Perhaps there isn’t that much information because we listen to our bodies and live healthy lifestyles already. Perhaps it’s because we don’t necessarily need specified advice for how to make pregnancy more comfortable for us or to make it fit into our busy schedules.  We are concentrating on the whole process of becoming mothers and that seems to meld with our different, yet still busy lifestyles.

Or maybe it’s because farmers and other career women like farmers don’t have any time to make websites and write up advice columns in their spare time at the computer.

Either way, I am loving becoming a pseudo expert on childbirth and pregnancy by searching out and appreciating as much information as possible. From famous books to poorly written replies on online forums, I’m obsessed with this information. I really love the Pregnant Farmer because it is great to see how another farmer dealt with pregnancy and working in the fields under the hot sun. It’s both inspiring and comforting. It has reminded me that I can be successful at the careers I’ve chosen, have a healthy pregnancy and become a wonderful mother at the same time.

My lucky baby gets to take a walk in the clouds in utero after a day of being nourished by farm fresh goodies.

Farming and teaching seem like good compliments to motherhood, and teaching and farming happen to be what I love the most and seem to be the best at out of the career choices I’ve explored over the years.

To be fair, the only thing I can focus on lately is having a baby and the process of pregnancy. Everything else is taking second place to this awesome experience (at least for the time being). And for now, at least I have one delivery date that can only shift a few weeks in either direction

Until next time (when I’ll be a little rounder, and hopefully much closer to living in a yurt!),

Sending you Peace and Love,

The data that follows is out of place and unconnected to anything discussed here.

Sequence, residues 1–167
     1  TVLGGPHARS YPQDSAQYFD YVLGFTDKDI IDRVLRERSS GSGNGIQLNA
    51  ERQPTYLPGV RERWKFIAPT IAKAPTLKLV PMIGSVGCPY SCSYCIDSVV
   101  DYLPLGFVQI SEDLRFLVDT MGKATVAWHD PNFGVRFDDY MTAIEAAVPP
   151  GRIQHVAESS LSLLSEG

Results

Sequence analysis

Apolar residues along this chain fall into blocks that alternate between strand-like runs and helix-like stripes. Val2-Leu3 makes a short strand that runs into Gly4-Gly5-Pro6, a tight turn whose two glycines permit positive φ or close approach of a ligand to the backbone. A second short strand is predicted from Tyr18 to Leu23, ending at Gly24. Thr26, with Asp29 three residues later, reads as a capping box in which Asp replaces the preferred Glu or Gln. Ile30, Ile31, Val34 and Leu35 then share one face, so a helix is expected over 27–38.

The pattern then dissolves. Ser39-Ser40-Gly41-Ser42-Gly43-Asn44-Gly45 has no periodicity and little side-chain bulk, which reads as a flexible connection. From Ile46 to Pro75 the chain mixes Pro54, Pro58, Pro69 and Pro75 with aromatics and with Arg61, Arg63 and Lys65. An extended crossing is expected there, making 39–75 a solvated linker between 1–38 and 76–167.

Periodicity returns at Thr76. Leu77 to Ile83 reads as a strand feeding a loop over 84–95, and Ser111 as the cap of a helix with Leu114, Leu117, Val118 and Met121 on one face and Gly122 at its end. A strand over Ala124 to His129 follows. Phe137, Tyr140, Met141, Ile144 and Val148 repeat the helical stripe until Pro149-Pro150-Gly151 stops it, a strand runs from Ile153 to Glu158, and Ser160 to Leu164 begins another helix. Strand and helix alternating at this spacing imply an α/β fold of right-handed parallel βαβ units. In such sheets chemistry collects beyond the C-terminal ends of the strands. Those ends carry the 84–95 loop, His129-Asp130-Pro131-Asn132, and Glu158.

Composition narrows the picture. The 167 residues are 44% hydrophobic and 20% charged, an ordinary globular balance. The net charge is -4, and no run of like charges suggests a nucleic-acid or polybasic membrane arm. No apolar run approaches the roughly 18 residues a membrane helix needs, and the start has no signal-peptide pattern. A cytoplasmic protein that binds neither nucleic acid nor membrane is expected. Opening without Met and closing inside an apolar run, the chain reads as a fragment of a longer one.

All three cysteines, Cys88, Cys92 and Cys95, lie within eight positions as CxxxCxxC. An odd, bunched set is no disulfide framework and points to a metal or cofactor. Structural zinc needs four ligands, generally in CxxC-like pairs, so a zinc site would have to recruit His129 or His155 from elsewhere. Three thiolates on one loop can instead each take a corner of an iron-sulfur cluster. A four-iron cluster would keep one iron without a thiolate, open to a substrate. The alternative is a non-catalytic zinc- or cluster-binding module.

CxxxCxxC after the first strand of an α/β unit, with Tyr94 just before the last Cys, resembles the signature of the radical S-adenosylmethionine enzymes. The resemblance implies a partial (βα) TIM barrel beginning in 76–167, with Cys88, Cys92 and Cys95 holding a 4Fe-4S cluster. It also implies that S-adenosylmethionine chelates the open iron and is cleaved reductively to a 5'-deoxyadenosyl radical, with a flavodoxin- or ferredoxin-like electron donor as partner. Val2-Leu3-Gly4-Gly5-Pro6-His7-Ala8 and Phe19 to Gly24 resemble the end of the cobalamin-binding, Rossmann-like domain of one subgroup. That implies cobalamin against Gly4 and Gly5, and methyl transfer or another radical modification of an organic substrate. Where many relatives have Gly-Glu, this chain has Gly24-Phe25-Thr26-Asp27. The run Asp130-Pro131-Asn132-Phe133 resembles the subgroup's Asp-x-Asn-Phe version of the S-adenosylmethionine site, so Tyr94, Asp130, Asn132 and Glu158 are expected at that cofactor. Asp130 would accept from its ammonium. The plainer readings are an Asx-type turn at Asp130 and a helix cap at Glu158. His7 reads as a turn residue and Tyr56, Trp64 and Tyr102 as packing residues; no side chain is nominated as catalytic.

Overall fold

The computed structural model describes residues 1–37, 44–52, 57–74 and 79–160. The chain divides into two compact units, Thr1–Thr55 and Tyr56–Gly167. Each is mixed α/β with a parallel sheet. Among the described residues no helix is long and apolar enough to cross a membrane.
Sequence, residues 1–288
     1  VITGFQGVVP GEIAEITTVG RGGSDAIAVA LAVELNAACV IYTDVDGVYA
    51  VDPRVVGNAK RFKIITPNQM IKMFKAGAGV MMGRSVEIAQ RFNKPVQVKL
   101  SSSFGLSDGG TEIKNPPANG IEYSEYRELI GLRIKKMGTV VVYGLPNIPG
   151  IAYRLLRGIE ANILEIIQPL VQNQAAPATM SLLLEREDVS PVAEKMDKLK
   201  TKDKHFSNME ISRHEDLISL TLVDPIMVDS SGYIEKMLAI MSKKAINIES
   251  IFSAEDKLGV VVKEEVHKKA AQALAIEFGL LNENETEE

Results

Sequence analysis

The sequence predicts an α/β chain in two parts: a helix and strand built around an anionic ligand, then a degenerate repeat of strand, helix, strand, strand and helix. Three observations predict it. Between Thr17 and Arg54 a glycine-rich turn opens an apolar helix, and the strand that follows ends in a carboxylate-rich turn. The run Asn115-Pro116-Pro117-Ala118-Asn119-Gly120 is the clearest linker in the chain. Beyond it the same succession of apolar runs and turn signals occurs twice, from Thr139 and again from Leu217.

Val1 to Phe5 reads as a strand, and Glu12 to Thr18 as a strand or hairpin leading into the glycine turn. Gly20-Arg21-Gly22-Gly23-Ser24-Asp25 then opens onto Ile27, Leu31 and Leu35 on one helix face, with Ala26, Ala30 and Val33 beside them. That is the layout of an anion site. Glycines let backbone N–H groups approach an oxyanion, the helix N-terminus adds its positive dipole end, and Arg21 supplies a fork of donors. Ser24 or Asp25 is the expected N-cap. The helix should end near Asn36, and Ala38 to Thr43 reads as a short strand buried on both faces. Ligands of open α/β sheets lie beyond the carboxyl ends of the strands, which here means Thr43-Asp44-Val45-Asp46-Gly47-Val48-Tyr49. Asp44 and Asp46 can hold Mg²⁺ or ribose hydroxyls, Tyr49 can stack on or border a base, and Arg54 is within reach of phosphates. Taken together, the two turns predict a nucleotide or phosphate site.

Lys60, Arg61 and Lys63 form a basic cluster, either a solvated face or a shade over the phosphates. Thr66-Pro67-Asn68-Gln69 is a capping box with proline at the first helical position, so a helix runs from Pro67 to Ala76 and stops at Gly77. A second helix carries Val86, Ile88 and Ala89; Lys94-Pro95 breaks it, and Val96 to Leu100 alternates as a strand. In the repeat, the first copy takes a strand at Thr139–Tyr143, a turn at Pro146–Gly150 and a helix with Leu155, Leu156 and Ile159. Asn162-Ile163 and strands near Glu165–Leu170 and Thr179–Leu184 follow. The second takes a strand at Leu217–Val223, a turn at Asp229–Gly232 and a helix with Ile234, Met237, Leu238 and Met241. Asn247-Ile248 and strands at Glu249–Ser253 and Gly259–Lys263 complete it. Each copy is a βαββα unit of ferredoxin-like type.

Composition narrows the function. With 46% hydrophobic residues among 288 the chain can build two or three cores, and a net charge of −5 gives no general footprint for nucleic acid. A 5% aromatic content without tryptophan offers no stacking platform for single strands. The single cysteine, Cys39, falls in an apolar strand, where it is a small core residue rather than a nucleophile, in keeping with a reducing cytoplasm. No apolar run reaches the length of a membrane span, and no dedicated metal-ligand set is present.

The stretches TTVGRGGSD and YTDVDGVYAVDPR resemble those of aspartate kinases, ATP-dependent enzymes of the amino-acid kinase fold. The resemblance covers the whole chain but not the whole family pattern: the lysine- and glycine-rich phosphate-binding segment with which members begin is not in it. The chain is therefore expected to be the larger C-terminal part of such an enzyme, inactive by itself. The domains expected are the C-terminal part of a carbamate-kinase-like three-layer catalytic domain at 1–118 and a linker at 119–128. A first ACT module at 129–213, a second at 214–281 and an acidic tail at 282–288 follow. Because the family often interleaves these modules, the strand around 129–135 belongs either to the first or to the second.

Alex, the Rural Farmgirl

Leave a comment 0 Comments

  1. Jan says:

    Congratulations, Alex! You reminded me of a wonderful woman that I met at a farmer’s market in the small town of St. Maries, ID. I was purchasing organic beets (my recent addiction!) and we were discussing her planting sites in the area. I looked at her hands and saw the short nails, complete with the embedded soil…What I saw was strength! Her glowing face and the twinkle in her eye told all…
    Very happy for you and picturing the yurt!

  2. Sippie says:

    Congratulations! You are going to make a wonderful mom!!

  3. Eileen says:

    Congratulations!

  4. Adrienne says:

    First of all, I wish you and Evan a healthy pregnancy with no complications. Second, I hope your yurt arrives soon so you can prepare it before winter and the spring arrival of your little one. May you want for nothing. Mazel tov!

  5. Ace says:

    That so exciting Alex!! Congratulations on your pregnancy from all of us at MaryJanesFarm! :)

  6. Laura says:

    It’s good to see you never stop growing; as a person, a farmer, a woman and now a mother. Congratulations on your living in the round (squared) Lol

  7. Meredith says:

    Congratulations Alex and Evan! Wishing you all the best!

  8. Debbie says:

    Congratulations Alex! I can’t think of a better farming companion that a baby! You’ll raise him/her right from the start! Many blessings to you and Evan. Can’t wait for both of your new arrivals… the Yurt and your new baby!
    Deb ( the Beach Farmgirl )

  9. Marion says:

    Alex, this is wonderful news. I love that you are excited and fully experiencing your pregnancy. I love that even in the city you dress and act as who you are. So many women could use you as an example of what a woman is, not the air-brushed models in magazines. You are living the best life, move forward with confidence and enjoy all the happiness coming your way.

  10. ashley says:

    Thanks for the post! It’s so inspiring to have another woman in a demanding career take the plunge into motherhood. I wish you the best of luck.